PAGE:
ARCHIVED - President's Insight
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April 06, 2006— Ottawa, Ontario
National Research for National Impact
Many people are familiar with the medical device called the heart pacemaker. Since 1950, this tiny piece of technology has improved the lives of millions of people around the world. Less known is the fact that the first "cardiac pacemaker" – a circuit that provided a gentle electric stimulus to the heart muscle duplicating the normal body nerve stimulation, was developed in Canada by Dr. Jack Hopps and his colleagues at the National Research Council (NRC). Subsequent to this development, Canadian company Mitel Inc. became the world's largest manufacturer of the inside parts of the pacemaker.
In the early 1970s, NRC researchers developed an optical coating technology for anti-counterfeiting applications. Currently, all Canadian banknotes of $20 or more use this technology. While only Canadian currency bears the "patch" form, many other countries are now making use of this made in Canada technology.
Whether it is life saving devices like the pacemaker, security devices or new materials for making cars and aircraft lighter and stronger, there are multitudes of examples of NRC's mission of putting science to work for Canada.
Federal – or publicly funded research laboratories are an essential element in Canada's science infrastructure, and ultimately in Canada's capacity to innovate. The National Research Council is at work in every province across Canada, focused on benefiting Canadians. NRC employees are contributing to improving our quality of life, they are creating new technology companies and jobs, supporting small and medium sized enterprises, training future scientists, and last but not least transforming knowledge into new technologies, new products and new services for the global marketplace.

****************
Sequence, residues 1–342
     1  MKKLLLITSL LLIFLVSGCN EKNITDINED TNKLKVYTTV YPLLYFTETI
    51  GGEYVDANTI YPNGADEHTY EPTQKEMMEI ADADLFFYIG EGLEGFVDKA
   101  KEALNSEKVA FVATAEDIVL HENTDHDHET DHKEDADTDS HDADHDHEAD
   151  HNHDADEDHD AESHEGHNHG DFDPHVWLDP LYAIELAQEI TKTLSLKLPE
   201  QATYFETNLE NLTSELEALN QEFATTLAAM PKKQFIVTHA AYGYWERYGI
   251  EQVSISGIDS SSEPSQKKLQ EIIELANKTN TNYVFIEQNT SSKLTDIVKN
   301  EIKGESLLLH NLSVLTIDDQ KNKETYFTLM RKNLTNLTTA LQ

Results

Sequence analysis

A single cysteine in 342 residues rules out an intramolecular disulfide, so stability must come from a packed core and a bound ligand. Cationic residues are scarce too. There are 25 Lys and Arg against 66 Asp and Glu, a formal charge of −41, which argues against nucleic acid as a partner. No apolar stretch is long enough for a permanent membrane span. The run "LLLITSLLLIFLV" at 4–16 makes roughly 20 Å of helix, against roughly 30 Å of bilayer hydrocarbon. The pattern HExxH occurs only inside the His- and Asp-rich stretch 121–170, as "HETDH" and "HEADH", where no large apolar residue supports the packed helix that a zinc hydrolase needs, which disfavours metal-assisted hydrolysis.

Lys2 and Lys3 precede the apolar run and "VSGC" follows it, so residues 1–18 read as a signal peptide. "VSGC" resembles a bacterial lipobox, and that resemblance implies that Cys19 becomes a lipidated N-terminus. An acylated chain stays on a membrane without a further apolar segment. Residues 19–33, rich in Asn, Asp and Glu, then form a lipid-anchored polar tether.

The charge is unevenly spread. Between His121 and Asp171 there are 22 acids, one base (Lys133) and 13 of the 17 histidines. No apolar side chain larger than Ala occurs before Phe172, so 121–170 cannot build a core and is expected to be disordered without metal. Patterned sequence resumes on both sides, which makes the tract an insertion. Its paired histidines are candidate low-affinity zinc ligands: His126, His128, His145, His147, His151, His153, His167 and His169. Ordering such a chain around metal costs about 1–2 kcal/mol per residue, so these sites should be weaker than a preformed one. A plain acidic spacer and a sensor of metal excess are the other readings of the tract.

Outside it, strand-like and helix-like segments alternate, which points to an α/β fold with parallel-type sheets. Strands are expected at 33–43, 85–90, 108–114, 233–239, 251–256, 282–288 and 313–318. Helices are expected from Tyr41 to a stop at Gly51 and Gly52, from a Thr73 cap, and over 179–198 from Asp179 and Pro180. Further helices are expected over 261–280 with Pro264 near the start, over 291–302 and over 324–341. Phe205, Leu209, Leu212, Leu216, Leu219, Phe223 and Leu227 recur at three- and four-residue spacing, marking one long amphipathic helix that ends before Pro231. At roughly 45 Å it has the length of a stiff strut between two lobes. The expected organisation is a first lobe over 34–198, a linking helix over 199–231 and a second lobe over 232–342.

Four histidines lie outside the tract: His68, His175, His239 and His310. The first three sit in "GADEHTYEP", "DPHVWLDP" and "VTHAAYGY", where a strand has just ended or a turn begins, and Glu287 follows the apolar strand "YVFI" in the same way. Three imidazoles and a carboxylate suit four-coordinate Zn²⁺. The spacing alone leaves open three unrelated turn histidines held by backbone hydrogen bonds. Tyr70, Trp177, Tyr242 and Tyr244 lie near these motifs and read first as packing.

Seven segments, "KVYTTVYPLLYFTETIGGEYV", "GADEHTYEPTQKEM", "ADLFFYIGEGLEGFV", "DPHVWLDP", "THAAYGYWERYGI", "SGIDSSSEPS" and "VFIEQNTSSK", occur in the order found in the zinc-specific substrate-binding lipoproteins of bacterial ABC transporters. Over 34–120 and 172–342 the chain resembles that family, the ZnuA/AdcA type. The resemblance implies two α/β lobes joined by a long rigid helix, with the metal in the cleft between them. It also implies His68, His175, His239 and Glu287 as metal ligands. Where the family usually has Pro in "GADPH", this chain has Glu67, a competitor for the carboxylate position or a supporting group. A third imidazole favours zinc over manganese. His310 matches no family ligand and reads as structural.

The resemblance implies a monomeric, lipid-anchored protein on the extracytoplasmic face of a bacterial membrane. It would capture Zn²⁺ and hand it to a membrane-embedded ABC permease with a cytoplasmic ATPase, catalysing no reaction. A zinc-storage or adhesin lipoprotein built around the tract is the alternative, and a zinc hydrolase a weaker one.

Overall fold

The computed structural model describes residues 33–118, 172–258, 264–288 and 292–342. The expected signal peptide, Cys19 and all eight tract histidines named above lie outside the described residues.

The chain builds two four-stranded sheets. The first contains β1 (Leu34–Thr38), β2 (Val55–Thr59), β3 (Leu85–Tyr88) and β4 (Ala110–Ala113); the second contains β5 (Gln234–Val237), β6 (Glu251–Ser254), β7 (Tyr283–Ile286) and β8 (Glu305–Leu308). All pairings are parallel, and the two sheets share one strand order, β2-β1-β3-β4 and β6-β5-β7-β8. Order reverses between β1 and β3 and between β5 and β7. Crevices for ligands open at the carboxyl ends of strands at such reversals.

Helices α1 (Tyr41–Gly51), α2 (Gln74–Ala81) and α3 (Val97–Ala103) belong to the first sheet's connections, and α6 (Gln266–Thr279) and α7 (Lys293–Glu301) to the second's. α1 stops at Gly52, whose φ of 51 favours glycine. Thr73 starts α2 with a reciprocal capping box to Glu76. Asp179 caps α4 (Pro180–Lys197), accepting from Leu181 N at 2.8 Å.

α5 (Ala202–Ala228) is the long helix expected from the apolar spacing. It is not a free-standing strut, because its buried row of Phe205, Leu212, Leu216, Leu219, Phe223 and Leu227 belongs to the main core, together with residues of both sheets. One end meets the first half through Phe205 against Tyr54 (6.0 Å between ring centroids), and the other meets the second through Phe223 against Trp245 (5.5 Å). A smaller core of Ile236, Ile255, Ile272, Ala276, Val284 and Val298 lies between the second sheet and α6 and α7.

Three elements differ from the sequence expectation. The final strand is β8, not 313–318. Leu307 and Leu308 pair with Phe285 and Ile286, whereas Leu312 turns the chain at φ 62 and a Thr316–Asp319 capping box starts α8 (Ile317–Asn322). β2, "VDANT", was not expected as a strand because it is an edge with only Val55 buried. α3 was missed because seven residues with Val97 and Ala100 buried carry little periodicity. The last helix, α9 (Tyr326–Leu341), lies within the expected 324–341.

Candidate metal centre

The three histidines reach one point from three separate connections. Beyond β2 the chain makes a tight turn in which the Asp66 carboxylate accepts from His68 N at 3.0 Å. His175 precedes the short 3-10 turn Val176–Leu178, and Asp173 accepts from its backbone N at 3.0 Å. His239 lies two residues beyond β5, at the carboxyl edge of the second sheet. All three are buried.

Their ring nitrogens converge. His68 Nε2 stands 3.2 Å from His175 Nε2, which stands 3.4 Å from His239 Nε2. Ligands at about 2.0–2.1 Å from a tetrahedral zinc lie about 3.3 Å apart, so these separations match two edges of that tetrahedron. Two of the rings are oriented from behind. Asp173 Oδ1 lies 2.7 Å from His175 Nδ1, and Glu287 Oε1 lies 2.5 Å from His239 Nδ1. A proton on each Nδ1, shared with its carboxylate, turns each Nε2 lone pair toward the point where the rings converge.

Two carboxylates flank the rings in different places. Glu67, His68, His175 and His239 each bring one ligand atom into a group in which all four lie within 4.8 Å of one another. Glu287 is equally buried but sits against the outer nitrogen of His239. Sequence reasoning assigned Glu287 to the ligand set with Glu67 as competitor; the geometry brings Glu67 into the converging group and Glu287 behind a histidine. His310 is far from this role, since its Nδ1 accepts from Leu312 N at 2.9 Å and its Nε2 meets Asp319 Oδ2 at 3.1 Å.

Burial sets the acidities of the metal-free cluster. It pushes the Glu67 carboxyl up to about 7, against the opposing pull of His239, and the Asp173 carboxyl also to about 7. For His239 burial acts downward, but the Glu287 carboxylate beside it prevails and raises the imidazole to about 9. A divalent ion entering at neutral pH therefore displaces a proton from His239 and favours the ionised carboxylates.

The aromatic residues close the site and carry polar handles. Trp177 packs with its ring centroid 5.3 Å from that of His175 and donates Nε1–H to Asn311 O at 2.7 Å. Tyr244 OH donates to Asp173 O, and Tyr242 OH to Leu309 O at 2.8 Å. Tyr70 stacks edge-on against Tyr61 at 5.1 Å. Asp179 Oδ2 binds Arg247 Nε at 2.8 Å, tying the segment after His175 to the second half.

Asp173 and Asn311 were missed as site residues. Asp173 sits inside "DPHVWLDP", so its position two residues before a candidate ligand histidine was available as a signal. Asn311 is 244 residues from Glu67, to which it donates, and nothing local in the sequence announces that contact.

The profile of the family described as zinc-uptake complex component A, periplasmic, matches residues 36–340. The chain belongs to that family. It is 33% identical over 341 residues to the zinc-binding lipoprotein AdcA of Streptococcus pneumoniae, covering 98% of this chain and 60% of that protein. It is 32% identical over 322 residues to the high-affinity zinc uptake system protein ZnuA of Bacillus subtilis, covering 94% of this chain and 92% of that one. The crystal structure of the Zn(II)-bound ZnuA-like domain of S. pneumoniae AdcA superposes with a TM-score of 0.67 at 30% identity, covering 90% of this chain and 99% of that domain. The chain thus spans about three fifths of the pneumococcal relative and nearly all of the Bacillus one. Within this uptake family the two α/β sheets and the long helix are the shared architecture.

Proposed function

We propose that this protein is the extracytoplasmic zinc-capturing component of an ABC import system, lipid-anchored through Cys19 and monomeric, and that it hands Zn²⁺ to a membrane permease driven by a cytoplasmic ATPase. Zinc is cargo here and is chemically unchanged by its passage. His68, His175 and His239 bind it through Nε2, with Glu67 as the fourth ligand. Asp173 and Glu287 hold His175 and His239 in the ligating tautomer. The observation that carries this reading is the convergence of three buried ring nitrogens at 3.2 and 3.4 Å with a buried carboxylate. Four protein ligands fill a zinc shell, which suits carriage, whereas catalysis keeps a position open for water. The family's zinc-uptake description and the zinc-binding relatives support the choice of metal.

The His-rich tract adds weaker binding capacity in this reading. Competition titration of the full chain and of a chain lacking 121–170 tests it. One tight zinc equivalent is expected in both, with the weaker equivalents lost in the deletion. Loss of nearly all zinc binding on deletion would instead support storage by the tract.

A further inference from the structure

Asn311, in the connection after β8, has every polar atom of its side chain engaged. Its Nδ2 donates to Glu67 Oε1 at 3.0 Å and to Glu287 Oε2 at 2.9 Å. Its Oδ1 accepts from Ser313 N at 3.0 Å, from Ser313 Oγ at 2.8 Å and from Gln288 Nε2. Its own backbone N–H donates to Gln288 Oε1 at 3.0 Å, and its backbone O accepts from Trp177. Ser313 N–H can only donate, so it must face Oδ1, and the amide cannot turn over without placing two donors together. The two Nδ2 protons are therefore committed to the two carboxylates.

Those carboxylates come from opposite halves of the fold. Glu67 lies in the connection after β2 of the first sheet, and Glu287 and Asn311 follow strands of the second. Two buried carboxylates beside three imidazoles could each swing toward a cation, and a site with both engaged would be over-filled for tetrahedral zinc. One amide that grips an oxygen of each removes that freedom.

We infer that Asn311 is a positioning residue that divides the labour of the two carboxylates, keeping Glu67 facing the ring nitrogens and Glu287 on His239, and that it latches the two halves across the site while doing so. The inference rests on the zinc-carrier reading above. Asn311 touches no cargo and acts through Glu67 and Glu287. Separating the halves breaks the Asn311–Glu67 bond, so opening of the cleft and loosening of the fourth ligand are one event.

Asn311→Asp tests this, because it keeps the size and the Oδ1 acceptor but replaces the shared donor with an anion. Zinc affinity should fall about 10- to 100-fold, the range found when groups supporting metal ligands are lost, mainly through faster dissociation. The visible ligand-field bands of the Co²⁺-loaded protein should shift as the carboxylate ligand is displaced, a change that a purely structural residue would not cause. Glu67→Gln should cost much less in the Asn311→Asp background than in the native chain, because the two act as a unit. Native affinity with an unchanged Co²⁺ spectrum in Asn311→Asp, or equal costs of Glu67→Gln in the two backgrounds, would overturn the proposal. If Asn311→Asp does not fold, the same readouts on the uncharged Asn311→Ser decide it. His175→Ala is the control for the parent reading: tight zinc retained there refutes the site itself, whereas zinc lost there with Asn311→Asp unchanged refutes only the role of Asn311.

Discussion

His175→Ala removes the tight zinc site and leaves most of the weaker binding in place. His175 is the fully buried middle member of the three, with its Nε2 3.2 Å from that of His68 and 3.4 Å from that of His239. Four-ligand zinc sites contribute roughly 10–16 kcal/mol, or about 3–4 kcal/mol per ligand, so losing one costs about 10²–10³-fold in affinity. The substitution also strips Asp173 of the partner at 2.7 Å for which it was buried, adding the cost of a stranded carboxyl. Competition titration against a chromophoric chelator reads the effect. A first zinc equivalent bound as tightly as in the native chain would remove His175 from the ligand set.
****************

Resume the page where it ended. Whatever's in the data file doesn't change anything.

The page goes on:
|Dr. Pierre Coulombe was appointed as NRC President in February 2005.|
Last year alone, NRC had a 57% increase in the number of new technologies licensed to the private sector, and had 95 patents issued for new technologies or processes. Since 1995, a total of 61 companies have been created based on NRC technology. These new companies account for approximately 500 jobs and $375 million in cumulative private investment. Today 115 companies across Canada are co-locating with NRC in specialized technology business incubators where they share our research and development capacity, our knowledge and equipment. Working in partnership with industry has been a distinguishing characteristic of NRC since its inception in 1916.
Just as the heart pacemaker and optical thin film continue to have an impact around the world, NRC employees, our labs, our specialized research facilities and our programs continue to target national science and technology needs and priorities for the benefit of Canadians – creating wealth and social value, and helping Canada secure its future.
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National Research Council of Canada
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